(1) The canon of apostolic documents reflects (a) Israel's several post-exilic fragments, (b) the Lord's rescue of each of them from their errors, and (c) their mutual recognition in his restored Body. Neither side of That Topic has this cosmic gravitas.

(2) "Diversity" implies the hero of modernity-- the solipsistic individual who, suspended between all possible worlds, chooses his beliefs from those he espies in that *view from nowhere*-- in whom Christians and postmoderns cannot believe.

(3) One can acknowledge disagreement as a passing condition of the Body that is not God's final will for it, but an unqualified embrace of diversity of opinion as a good in itself sounds, at least in theological matters, like resignation to nihilism.

Obviously, you believe something much better. But the idiom of diversity seems to obscure that.

BW

Jean said...

My immediate response upon reading your post Peter was, “Oh yes the different viewpoints people hold within a single congregation can be diverse indeed on a multiplicity of subjects.” My second response upon some consideration was realising I can ‘live with’ or ‘alongside’ many whose theological viewpoints vary from my own, however, if a theological standpoint I encountered was significantly at odds with the foundational teachings and person of Christ and was preached in a church I attended, I would find dealing with that more challenging.

BW’s use of the words “unqualified embrace of diversity of opinion” I think is where the rubber might hit the road. It goes too far along the common secular response to matters of immorality, ‘I don’t mind what other people do so long as isn’t hurting anyone else.’ Such standpoints tend to fall too heavily on the desire for every person’s opinion or actions to be equally embraced, with any measure of examination in regards to what is actually true or moral/wholesome/beneficial? being perceived in a negative light. And of course the Emperor who began to place more credence on opinion while discarding sound reasoning ended up wearing no clothes....

Shawn said...

Couldn't resist.

There is a rabbinic saying, "the Torah has 70 faces", meaning that there are multiple ways of understanding and interpreting Scripture. Disagreement and debate over it's meaning were, and are, considered normal in Judaism, and many of those disagreements are presevered in Biblical commentaries and the Talmud.

We have four Gosepels, but more, we have differering, even contradictory, points of view and statements throughout the Bible. We even have differing and sometimes contradictory portraits of God. None of this is a problem. The diversity of Scripture only becomes problematic when we treat the Bible as a book of systematic dogma and an instruction manual for living or running society, much like an instruction manual for your dishwasher. Then we have to desperately try and paper over the differences, explain away the diversity, and engage in hilarious and absurd attempts to harmonise the contradictions.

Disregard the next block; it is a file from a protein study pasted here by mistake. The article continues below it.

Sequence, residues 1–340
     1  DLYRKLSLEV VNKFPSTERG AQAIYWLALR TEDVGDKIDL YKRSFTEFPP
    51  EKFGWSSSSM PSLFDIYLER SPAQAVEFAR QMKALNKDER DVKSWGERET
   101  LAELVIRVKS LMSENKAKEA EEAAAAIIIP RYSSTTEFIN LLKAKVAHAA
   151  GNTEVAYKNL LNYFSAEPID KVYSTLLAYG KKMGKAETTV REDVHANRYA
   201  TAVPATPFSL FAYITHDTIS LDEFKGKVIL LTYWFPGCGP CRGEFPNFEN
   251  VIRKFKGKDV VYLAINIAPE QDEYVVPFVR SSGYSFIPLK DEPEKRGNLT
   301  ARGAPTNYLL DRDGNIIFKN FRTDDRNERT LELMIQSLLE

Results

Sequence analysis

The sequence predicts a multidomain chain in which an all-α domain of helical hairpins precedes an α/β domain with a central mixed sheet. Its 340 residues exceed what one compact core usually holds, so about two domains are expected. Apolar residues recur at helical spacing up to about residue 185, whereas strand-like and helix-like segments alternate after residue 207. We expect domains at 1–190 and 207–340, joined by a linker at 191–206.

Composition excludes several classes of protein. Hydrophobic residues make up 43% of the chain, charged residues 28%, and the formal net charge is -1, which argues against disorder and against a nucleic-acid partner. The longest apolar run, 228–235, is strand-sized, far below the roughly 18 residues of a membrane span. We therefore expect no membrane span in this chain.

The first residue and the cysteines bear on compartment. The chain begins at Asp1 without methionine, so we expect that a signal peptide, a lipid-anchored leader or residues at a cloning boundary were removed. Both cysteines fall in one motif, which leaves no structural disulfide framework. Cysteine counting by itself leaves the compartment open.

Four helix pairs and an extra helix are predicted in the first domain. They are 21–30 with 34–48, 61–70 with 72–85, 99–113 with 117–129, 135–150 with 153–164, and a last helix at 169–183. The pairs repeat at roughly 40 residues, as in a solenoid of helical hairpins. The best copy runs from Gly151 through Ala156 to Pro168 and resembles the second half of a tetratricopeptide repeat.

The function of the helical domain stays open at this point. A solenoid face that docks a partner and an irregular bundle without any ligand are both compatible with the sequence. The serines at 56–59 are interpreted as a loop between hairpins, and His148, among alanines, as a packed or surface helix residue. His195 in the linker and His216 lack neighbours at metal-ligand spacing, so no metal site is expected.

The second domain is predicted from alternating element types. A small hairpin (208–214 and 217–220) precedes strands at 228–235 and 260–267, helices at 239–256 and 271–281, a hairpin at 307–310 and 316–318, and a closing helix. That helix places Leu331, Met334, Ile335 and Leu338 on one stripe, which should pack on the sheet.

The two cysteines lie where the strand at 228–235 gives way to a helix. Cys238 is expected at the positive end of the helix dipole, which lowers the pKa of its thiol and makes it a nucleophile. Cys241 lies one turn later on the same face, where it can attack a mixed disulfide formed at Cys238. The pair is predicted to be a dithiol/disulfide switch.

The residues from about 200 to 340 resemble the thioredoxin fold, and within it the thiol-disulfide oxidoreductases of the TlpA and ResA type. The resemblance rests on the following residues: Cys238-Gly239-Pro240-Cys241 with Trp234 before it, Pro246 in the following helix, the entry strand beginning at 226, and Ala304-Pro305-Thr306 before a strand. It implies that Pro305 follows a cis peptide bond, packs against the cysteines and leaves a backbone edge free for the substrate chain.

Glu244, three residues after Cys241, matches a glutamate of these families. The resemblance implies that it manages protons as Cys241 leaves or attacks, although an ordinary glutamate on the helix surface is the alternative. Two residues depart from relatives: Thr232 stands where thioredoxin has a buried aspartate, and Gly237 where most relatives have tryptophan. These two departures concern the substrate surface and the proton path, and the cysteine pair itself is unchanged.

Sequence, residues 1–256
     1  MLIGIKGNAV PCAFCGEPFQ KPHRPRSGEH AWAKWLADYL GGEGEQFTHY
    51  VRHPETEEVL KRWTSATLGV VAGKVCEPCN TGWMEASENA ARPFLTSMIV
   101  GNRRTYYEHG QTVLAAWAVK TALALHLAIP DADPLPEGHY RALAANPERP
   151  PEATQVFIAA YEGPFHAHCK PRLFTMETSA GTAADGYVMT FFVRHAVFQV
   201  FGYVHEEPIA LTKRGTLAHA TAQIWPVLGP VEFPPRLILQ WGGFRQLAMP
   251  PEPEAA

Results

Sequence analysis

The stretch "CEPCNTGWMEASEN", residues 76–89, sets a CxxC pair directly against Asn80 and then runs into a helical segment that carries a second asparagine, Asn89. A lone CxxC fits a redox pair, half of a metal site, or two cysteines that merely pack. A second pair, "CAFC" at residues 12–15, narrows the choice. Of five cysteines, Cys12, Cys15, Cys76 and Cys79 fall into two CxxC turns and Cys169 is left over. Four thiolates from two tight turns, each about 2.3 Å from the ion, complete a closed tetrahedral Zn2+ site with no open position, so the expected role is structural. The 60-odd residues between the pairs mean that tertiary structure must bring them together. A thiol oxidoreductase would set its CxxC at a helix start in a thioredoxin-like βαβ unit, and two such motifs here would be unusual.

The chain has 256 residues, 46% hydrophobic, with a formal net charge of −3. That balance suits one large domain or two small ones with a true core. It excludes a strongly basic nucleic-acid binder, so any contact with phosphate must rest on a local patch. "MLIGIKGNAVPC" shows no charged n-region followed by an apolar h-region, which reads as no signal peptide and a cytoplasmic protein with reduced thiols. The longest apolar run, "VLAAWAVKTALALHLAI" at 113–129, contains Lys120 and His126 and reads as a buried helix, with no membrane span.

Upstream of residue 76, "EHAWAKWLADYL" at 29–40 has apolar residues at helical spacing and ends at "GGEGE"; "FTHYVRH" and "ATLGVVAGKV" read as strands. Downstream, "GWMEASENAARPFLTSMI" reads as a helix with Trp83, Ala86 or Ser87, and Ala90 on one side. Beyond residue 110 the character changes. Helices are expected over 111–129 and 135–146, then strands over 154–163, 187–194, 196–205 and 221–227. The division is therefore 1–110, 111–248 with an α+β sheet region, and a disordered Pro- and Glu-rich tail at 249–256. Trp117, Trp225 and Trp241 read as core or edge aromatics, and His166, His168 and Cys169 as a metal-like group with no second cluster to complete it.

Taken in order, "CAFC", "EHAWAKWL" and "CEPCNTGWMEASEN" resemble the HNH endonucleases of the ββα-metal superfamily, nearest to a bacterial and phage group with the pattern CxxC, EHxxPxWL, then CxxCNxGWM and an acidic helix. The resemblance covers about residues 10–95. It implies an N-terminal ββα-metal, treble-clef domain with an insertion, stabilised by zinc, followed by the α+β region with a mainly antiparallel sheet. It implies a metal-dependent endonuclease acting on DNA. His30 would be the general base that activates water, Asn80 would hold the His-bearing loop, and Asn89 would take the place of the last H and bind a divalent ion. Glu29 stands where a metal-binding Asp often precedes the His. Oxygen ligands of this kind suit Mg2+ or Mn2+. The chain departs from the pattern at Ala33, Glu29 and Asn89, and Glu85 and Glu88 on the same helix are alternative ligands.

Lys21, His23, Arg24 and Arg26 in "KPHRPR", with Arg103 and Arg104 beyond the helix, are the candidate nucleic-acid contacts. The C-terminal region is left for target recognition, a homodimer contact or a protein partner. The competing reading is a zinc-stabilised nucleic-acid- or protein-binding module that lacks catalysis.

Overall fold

Scripture however, like God, refuses to be put in a box. Trying to do so is the path of idolatry. Putting God in a box is a good way to end up in the belly of a fish! The diversity and the contradictions of Scripture are deliberate, they are there by Divine design. When we understand Scripture as Story, a Story we have to enter into, participate in, and live out of, then the diversity and contradictions cease to be problems, and become ways of learning and growing in Wisdom. Wisdom, in the Biblical sense, is the point of Scripture, not dogma and law. It is Wisdom, both in Scripture, and in the Wisdom made flesh, that is our centre, our guide, and our goal.

When we try to make the Bible into a book of innerant dogma and law, then our only result is to create hundreds of different denominations in a never ending and impossible quest to find the "true and pure" church. When we live out of the Wisdom of Scripture and in the unity of the Wisdom made flesh, unity and diversity in the Church are possible.

Human beings however tend to resist Wisdom. Her path is hard and long and requires ruthless self-honesty and humility. She offers no easy and pat answers or solutions to the challenges of life. She does not grant us the easy out of black and white thinking or simplistic moral legalism. The path of dogma and law, of fear and control, is easier, at least in the short term, and feeds our ego's desire for self-righteous posturing.

Only time will tell in which direction the Anglican Communion will go, or if it can hold together while the Powers and Principalities of fear and control try to tear it apart. Wisdom is in short supply in our age. But I have it on good authority that there is always reason to hope.

Peter Carrell said...

Hello All
True, my thinking could be sharper re “diversity”; and I could have usefully added a paragraph re Anglican diversity premised on credal agreement; and possibly another one about Anglicanism and Johannine thought: what it means to actually believe (some Anglicans have been more famous for their doubts than their beliefs) and to love one another.

True, also, that the Anglican Communion may not have a future given the pathways it has already travelled this century!

Jean said...

😂... always so much more one could have done...

what intrigued me was how not worried (how’s that for a double negative) I can be about people’s theological thinking at a congregational level, allowing room for faith to grow and realising the plural we wrestle/grapple with different aspects of ‘following Christ’ depending on our make-up/life experiences. Yet then in contrast when I consider some of the theological thinking I have encountered among the masses (excuse the pun) being preached I suddenly find myself all ready to hog tie anyone who would consider voicing their perspectives 🙈.

Jean said...

Apologies for sending in a few too many comments, this will be the last comment for today.

Just to say I do concur with your post in general Peter. I can disagree with Baptist friends regarding the absolute necessity of adult immersion baptism, or Catholic friends regarding praying to the Saints etc yet I can attend a Presbyterian church, Pentecostal church, Catholic Church etc and be every bit at home among them as brothers and sisters in Christ and my closest christian friends do not attend Anglican churches. I can also find myself doing a lot of eye-rolling when I hear people refer to the different church denominations as different religions! In this respect I do believe there is much to be gained by agreeing to disagreeing and focusing on the main thing.